HARDISON’S TIPS – MARCH 30, 2021 – If You Don’t Have a Value Proposition Your Sales Can Suffer
Does your sales team know what they are selling? Are all your sales reps articulating your product or service’s value in a similar manner? Is the value shared important to your customer base? And perhaps most importantly, do your prospects understand what solutions your company offers (and why those solutions should matter to them)? If you answered “no” to any of these questions, you probably need to fine-tune your Value Proposition. Here’s what a Value Proposition is, why such a crystal-clear statement of value matters, and how to build a value-based positioning statement that can help boost sales and customer engagement:
What a Value Proposition Is, What it Isn’t, and Why It Matters
A Value Proposition, often called a Unique Value Proposition, or UVP, is a clear statement about the beneficial results you provide and the business value you deliver to customers. It is a focused and concise statement of how you solve a customer’s problem or how you cure “their pain.” The word “value” is important, of course. The UVP focuses on quantifiable value as a differentiator from your competitors. It makes it easy for customers to recognize how they benefit from your solution.
Be sure to recognize, however, that a Unique Value Proposition is not the same as a Unique Selling Proposition, or USP. Here’s the distinction. Your USP emphasizes specific points of product or service differentiation. For example, it might highlight characteristics, features, or traits that your competitor’s products or services lack. Lowest cost might be such a feature. Environmental safety might be another. You get the idea.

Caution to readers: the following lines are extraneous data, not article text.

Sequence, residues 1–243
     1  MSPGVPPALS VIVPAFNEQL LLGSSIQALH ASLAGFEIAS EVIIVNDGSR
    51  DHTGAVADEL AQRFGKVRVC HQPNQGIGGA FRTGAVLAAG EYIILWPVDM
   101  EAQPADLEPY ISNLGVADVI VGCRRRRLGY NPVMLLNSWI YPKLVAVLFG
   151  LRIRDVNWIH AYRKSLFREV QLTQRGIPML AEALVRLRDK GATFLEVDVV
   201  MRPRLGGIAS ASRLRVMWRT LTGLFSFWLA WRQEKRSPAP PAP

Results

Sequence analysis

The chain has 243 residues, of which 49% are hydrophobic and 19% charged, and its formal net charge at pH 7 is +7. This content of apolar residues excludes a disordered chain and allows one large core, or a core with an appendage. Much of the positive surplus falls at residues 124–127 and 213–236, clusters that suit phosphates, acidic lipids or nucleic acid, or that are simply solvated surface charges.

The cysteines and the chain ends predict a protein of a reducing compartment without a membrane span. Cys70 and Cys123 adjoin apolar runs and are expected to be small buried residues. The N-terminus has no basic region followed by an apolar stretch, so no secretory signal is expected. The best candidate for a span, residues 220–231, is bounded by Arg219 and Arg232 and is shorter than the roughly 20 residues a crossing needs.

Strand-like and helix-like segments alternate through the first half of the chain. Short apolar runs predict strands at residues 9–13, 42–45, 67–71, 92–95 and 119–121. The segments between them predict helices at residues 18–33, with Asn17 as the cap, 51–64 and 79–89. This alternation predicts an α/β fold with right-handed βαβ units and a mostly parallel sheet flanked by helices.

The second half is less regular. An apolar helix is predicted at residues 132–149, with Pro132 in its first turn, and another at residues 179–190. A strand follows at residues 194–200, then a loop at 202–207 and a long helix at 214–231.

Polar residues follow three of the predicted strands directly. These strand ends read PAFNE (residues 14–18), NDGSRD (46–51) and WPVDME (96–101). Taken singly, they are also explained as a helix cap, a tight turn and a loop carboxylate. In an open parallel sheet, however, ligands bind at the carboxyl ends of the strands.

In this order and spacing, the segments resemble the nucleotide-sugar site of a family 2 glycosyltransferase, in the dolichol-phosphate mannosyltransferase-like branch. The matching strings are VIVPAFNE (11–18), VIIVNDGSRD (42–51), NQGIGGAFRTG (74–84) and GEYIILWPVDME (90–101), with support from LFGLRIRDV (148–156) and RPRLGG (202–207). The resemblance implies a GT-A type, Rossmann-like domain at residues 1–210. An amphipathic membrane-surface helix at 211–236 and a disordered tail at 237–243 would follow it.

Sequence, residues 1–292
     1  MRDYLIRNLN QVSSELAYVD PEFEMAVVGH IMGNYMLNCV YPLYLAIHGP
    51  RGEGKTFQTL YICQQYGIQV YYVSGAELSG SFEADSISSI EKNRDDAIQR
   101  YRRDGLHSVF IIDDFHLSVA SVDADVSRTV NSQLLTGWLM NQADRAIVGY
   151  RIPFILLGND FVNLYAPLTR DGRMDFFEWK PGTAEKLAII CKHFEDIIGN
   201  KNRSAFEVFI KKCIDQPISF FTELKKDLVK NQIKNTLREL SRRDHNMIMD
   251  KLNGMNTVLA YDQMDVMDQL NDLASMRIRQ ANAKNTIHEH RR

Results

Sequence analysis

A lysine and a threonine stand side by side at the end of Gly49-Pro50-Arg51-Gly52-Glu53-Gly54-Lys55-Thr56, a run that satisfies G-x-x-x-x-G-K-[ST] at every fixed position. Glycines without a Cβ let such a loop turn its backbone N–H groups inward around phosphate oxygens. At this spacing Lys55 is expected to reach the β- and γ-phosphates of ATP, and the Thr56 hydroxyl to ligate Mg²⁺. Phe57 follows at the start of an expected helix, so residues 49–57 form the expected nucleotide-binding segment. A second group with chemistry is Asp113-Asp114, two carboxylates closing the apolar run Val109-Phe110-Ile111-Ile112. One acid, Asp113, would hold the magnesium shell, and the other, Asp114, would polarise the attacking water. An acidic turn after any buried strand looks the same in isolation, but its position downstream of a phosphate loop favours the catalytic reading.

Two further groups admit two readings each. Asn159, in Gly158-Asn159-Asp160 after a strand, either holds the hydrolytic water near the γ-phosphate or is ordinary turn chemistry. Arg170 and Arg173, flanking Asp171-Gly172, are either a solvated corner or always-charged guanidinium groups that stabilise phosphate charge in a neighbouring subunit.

A UVP, on the other hand, tells customers how they benefit from choosing your solution. It directly answers the question, “What’s in it for me?” Whereas a USP focuses on features, the Value Proposition focuses on benefits. If your product is manufactured to tougher construction standards, for example, it will be sturdier and last longer. The benefit is that customers won’t have to bear the expense and frustration of frequent replacements. Convenience is also a benefit, and therefore, a value-added, sellable trait. So is reliability. So is ergonomic usability, and so on.
Again, a USP emphasizes features; a UVP emphasizes benefits.
Why is a Value Proposition so important? Because if you can’t articulate your value in a clear and compelling manner, your prospects will tune you out in a heartbeat.